Dem presidential hopeful Bernie Sanders told a capacity crowd here Wednesday night one of his first acts if elected would be to provide free college education to Americans, regardless of family income.
The pledge, which ignited the crowd, was one in series of progressive causes Sanders hit during his speech.
Sanders spoke emphatically and at length about his plan to dismantle the “corporate greed” that he says is running America. He vowed to fight the fast-track trade authority that was recently approved, take down Wall Street and big banks, provide universal healthcare, and overturn Citizen's United to give power back to the people during elections.
"It's time we come together as a nation and tell the billionaire class 'you can't have it all,'” he said.
Sanders is touring progressive communities as he launches his bid for the Dem presidential nomination against heavily favored Hillary Clinton. More than 3,000 attended an event in Minneapolis on Sunday after 5,000 turned out for him Saturday at the University of Denver
Ahead of the Madison event, which drew an estimated 10,000, the state GOP is put up billboards in Milwaukee and Green Bay knocking Clinton and Sanders as "Left and Lefter."
"Yesterday's candidates -- extreme candidates," the billboard reads.
The billboard is a take off of the "Dumb and Dumber" movie and shows Sanders driving a moped with Clinton on the back.
Sanders, who took several jabs at Gov. Scott Walker, opened by joking about being surprised that Republicans let him enter the state, mentioning the billboard.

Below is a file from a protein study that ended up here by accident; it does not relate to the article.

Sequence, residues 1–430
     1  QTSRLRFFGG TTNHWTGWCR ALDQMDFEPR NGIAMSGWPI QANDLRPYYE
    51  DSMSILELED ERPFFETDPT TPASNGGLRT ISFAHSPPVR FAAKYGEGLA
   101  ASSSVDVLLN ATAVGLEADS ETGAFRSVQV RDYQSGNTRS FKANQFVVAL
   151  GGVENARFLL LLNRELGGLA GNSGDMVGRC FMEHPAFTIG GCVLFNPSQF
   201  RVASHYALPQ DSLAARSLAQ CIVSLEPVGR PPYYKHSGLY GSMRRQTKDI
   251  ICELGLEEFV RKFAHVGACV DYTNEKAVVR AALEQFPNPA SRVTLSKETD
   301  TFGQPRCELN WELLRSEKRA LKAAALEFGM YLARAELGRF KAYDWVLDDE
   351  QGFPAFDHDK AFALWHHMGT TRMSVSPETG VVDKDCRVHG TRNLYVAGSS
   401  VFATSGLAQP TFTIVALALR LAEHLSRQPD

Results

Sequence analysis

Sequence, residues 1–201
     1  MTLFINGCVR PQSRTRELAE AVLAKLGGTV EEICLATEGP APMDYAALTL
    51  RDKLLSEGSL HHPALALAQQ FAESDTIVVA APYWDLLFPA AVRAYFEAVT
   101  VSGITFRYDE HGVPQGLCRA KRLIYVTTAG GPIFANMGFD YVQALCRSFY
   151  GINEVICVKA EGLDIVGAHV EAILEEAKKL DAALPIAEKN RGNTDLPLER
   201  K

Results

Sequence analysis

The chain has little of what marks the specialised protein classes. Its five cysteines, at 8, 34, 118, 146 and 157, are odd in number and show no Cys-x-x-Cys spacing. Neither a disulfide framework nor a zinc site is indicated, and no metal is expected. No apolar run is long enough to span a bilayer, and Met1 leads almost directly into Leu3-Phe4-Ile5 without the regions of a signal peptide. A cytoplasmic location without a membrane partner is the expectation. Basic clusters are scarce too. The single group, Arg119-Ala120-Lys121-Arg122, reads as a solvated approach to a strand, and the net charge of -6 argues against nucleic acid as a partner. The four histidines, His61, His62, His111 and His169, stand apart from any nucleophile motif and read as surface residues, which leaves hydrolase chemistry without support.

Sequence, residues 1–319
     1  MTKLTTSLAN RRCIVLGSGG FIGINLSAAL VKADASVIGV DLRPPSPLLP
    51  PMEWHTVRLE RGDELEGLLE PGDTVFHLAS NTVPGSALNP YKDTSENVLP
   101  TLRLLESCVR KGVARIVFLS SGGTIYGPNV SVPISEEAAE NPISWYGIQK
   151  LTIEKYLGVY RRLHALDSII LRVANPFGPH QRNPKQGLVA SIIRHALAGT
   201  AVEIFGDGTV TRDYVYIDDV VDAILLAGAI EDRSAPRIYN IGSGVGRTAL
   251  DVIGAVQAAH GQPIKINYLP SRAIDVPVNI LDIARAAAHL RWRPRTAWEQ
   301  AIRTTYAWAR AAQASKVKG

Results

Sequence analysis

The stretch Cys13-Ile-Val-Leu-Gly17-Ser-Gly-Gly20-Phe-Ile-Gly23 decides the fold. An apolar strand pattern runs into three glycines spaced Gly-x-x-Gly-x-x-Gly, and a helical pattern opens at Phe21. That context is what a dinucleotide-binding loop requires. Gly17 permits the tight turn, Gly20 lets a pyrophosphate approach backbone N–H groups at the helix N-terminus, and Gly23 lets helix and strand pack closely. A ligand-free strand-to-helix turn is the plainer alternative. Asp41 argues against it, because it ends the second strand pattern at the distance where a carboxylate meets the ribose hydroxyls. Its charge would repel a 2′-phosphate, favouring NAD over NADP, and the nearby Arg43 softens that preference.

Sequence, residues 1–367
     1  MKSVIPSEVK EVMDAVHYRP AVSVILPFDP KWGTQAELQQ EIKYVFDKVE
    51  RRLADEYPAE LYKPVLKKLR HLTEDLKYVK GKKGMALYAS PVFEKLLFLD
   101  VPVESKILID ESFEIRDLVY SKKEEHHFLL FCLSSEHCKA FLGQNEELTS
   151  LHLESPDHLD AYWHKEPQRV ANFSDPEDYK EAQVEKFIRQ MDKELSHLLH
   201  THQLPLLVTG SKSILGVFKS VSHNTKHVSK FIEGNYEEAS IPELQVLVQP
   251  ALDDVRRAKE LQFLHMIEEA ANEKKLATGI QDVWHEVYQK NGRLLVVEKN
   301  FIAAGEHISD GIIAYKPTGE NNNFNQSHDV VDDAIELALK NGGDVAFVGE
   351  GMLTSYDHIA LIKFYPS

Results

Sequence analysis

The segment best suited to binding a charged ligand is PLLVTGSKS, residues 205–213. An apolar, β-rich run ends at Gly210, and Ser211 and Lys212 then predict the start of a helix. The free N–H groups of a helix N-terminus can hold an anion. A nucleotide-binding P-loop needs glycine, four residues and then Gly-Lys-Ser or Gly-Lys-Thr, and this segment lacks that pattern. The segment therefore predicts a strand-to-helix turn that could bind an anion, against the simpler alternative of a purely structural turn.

“I don't think my views are extremism,” he said. “When you deny the right of workers to come together in collective bargaining, that's extremism. When you tell a woman that she cannot control her own body, that is extremism. When you accept tax breaks for billionaires but refuse to raise the minimum wage, that is extremism.”
Sanders told the crowd he needs an almost unprecedented grassroots support system if he stands a chance of winning the White House.
“And it doesn't matter how skilled a candidate is. He or she cannot address the issues of hardworking middle class families without an active, organized grassroots effort,” Sanders said.
Missy Eymann and Kelli Meserole, two recent college graduates from northern Illinois, drove more than 90 miles to attend the rally.
“The more I learn about him, the more I support what he stands for, and that's why we're here,” Eymann said. “The more people show up, the more seriously he gets taken.”
Both carried signs, one side listing measures Sanders has voted for, the other, what he's voted against.
Meserole, a teacher, said one of the reasons she supports Sanders so strongly is his stance on making public college free. She said her dream is that none of her students will ever have to suffer under the weight of student loans like she has.
“He's inline and in tune with the goals of the younger generation," she said. "He's a bit more liberal than Republicans might like, but he's been a uniting factor too, working across party lines, which I think gives him a really good chance in this election.”
Throughout the night, Sanders hit on a message that America belongs to all people, and that the job of politicians is to bring people together around a progressive agenda that improves the lives of all citizens.
“What I would like to ask of you, is please think big, not small. Our vision should be, that in the wealthiest country in the history of the world, there is nothing that we can't accomplish,” said Sanders in closing.
-- By Gina Lehner